On the lookout for Razorbills

26 12 2013

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Bad as this tired old seabird joke may be, it is timely. Christmas-time coincides with the presence of large numbers of alcids off the shores of the east coast, and this year is no exception. Doug McNair counted 4-5,000 Razorbills off Cape Cod on December 20th, and Tony Diamond, seabird scientist at the Atlantic Laboratory for Avian Research at the University of New Brunswick tells us that a Razorbill was found beached in Florida as well. Normally, Florida would be fairly far afield for these northern birds, but after last year’s unprecedented southern irruption, nothing would surprise us.

Razorbills and guillemots on the water. (photo geograph.org)

Razorbills and guillemots on the water. (photo geograph.org)

So we’re putting out a plea to Seanetters and non-Seanetters alike: keep your eyes peeled, go birding on the beach, and report what you see. If you SEANET, great! If not, and you only want to report live birds, please sign up for an ebird account and start reporting! And if you’re not a Seanetter and you find a sick or dead bird, report it to the Wildlife Health Event Reporter. We’re eager to see how this winter compares with last, and we’re counting on you all to help. Let us know what you spot!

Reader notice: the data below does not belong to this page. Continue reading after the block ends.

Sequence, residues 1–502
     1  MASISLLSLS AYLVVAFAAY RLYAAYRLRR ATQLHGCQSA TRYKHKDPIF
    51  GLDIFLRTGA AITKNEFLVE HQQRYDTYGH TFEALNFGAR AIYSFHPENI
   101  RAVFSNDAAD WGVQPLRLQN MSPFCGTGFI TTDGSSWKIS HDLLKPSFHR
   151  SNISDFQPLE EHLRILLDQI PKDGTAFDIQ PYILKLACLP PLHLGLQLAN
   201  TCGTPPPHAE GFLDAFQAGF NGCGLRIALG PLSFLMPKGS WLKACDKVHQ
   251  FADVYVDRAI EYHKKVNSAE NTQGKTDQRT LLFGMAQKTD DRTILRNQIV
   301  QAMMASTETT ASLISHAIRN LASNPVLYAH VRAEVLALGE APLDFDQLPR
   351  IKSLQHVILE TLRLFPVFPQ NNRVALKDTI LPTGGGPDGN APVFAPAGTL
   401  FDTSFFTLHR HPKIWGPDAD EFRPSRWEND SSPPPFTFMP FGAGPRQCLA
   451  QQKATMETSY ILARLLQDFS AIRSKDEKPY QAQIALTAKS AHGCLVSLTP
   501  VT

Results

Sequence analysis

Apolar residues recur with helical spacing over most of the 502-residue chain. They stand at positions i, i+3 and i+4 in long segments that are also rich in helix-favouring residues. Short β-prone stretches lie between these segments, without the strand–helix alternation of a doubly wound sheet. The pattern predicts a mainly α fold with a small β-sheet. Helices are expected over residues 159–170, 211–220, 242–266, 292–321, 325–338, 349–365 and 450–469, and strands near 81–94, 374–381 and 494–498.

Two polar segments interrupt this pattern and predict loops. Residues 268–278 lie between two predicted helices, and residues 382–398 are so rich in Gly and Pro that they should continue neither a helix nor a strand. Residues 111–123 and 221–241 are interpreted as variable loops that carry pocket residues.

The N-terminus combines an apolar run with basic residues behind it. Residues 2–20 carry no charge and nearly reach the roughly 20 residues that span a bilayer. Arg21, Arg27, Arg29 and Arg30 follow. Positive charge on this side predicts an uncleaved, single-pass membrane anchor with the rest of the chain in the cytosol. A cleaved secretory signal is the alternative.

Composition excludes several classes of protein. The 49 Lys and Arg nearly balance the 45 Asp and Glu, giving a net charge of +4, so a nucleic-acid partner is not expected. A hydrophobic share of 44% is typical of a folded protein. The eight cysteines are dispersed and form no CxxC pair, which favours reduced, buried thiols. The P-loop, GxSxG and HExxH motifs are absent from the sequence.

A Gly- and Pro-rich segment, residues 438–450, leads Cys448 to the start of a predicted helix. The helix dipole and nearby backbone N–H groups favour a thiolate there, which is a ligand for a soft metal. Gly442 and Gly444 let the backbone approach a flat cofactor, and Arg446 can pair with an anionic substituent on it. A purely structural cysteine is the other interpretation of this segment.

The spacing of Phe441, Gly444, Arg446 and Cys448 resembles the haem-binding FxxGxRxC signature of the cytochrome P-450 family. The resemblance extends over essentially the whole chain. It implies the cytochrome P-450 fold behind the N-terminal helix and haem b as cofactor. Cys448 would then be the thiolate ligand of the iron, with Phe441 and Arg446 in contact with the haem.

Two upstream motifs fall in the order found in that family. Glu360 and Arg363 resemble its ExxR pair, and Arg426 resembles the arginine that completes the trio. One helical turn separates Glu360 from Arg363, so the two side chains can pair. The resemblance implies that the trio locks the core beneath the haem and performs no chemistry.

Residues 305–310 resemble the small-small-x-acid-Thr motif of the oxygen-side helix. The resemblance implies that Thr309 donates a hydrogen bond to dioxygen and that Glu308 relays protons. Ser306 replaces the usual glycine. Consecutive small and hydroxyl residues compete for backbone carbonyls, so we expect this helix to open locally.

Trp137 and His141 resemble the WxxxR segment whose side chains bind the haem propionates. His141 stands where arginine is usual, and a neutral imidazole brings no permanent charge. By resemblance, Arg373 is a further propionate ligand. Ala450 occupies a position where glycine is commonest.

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3 responses

3 01 2014
Bethany Rottner

No RAZOs yet, but a storm moving in today brought us our first rehab dovekie of the winter on Long Island. We were enjoying a nearly year long alcid absence. Hopefully it’s not a sign of things to come!

7 01 2014
scourc01

We are following with interest!

16 01 2014
Dennis Minsky

first razorbill carcass of the season found today near Herring Cove Beach, Provincetown, MA.
Dennis Minsky

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